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Long-term clinical outcomes after coronary artery bypass grafting with pedicled saphenous vein grafts
Uppsala University, Disciplinary Domain of Medicine and Pharmacy, Faculty of Medicine, Department of Surgical Sciences, Thoracic Surgery. Department of Cardiothoracic Surgery and Anaesthesia, Uppsala University Hospital, Uppsala, Sweden.
Uppsala University, Disciplinary Domain of Medicine and Pharmacy, Faculty of Medicine, Department of Surgical Sciences, Thoracic Surgery. Department of Cardiothoracic Surgery and Anaesthesia, Uppsala University Hospital, Uppsala, Sweden.
2018 (English)In: Journal of Cardiothoracic Surgery, ISSN 1749-8090, E-ISSN 1749-8090, Vol. 13, no 1, article id 122Article in journal (Refereed) Published
Abstract [en]

BACKGROUND: Coronary artery bypass grafting (CABG) using saphenous vein grafts (SVG) is vitiated by poor long-term patency of the vein grafts. Pedicled SVG harvested with the "no-touch" (NT) technique have demonstrated improved patency and could confer better outcomes. We aim to compare long-term results after CABG where NT or conventional technique was used for vein graft harvesting in a hypothesis-generating registry-based study.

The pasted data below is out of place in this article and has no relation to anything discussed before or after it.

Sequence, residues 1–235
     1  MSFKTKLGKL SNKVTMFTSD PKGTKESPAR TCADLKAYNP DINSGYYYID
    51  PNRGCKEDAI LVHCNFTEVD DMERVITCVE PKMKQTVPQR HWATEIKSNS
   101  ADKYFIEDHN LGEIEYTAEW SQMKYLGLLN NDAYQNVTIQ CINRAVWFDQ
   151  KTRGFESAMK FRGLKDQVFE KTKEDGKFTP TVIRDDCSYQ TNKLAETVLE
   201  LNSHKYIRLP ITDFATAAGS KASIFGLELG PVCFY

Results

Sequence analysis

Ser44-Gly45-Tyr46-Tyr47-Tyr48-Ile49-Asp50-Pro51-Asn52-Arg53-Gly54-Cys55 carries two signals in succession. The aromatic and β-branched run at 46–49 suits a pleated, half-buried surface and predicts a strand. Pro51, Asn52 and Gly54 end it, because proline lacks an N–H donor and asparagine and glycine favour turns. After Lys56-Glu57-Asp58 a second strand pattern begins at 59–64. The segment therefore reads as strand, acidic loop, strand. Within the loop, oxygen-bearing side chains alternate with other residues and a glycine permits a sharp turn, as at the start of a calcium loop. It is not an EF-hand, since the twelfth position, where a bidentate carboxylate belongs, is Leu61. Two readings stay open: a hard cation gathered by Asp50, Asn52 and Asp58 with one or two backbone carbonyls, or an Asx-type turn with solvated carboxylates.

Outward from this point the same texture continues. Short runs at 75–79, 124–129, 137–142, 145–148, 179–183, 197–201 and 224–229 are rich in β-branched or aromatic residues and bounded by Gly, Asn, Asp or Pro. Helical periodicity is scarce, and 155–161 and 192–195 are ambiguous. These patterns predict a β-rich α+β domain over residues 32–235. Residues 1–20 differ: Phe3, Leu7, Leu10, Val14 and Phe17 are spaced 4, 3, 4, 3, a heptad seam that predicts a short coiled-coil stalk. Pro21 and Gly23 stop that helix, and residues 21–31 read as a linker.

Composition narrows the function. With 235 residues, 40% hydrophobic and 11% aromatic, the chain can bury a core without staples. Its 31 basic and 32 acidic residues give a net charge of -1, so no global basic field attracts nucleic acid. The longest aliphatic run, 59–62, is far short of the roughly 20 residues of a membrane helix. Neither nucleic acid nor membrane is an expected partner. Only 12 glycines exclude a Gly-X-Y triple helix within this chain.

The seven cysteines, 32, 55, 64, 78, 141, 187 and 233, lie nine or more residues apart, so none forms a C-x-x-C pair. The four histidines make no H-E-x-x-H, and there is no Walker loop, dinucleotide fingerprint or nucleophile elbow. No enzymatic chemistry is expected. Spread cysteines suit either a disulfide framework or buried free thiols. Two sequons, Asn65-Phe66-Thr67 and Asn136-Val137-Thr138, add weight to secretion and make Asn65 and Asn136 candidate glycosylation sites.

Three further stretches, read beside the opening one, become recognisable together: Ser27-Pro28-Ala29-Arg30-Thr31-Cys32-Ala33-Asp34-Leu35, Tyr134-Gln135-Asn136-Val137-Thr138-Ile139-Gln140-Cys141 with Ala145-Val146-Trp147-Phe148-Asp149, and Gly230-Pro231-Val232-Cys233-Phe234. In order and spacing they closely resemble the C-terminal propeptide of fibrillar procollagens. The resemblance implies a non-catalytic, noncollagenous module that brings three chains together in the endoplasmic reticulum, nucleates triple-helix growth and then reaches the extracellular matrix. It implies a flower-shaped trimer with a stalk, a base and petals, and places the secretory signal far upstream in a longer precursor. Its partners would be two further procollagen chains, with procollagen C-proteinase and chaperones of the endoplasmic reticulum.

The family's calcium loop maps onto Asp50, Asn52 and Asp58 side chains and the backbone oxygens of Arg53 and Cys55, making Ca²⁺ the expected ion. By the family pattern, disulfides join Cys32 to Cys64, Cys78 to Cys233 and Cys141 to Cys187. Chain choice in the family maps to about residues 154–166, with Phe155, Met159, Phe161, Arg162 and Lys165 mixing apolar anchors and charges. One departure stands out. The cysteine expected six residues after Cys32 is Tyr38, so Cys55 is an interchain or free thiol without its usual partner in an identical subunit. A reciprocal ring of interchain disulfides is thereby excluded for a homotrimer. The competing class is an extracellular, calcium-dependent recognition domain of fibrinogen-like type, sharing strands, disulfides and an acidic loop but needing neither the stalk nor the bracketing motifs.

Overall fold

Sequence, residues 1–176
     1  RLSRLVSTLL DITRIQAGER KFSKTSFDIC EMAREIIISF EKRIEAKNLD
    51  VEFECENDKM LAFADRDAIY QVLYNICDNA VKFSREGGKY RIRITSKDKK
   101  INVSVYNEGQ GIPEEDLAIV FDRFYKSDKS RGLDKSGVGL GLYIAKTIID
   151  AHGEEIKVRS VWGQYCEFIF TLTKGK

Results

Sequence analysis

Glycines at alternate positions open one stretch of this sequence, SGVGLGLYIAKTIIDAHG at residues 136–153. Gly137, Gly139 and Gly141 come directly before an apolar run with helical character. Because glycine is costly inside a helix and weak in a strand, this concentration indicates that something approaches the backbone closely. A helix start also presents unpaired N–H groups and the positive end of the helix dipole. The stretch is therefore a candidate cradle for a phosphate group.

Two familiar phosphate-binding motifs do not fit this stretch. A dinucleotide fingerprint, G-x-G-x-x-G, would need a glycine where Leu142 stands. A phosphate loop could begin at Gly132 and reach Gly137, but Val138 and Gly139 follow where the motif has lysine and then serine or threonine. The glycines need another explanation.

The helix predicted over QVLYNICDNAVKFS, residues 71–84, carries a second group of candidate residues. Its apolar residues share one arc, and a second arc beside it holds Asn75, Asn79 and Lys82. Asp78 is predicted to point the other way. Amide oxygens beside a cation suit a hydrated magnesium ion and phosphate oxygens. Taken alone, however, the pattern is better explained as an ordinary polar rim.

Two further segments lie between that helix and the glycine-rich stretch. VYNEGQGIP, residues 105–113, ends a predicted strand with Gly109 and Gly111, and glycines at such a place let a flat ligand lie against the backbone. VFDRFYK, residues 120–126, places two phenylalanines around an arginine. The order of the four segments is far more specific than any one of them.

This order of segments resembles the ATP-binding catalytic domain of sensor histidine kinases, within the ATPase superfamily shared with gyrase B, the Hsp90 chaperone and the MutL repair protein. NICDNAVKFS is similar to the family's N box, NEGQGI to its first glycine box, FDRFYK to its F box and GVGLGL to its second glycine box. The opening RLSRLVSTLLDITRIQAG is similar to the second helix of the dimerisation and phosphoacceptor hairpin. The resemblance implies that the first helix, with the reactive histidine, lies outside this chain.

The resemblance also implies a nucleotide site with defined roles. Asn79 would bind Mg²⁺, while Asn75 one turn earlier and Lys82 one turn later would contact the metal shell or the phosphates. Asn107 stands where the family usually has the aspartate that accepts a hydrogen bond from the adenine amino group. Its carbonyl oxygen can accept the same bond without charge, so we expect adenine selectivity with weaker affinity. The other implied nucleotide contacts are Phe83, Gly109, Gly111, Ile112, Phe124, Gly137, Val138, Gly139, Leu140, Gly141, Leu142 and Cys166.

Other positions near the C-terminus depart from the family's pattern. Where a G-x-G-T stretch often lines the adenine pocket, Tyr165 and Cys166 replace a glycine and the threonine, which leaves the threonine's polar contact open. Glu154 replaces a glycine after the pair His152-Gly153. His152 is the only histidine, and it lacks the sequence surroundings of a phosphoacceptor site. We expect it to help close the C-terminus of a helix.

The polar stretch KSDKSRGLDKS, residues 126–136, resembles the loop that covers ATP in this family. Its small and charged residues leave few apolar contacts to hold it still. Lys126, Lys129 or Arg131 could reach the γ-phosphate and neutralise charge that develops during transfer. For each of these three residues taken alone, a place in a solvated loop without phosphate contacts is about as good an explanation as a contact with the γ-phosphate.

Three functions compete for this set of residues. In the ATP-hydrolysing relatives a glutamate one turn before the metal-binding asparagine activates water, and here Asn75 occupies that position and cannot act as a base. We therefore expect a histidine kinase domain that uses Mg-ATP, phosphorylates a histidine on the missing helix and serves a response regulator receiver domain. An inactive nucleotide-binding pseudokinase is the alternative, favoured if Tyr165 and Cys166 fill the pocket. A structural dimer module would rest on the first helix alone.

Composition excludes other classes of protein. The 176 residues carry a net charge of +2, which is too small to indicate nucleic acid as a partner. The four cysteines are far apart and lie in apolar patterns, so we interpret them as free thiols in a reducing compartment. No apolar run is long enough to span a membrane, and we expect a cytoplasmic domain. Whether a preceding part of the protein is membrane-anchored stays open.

METHODS: Two propensity score matched cohorts (1349 patients) undergoing CABG with veins harvested with NT (NTT) or conventional (CT) technique in Sweden over the period 2005-2015 were used to compare long-term outcomes. Mortality, postoperative incidence of coronary angiography and need for reintervention was recorded and multivariable hazard ratios adjusted for risk factors were calculated.

RESULTS: The mean follow-up time (SD) was 6.8 (3.3) years for NTT and 6.6 (3.2) years for CT. The adjusted hazard ratios for death, first angiography and need for reintervention for NTT patients were (95% CI) 0.97 (0.80-1.19), 0.76 (0.63-0.93), 0.91 (0.78-1.05), and 0.91 (0.71-1.17), respectively. Failed grafts were found in 43.2% of NTT patients and 53.6% of CT patients at angiography.

CONCLUSIONS: In this study NT grafting was associated with a lower risk for repeat angiography, however no difference could be observed for mortality and need for reintervention. The earlier reported improvements in patency of NT veins could possibly be reflected in an improved clinical outcome during the first 10 years after surgery.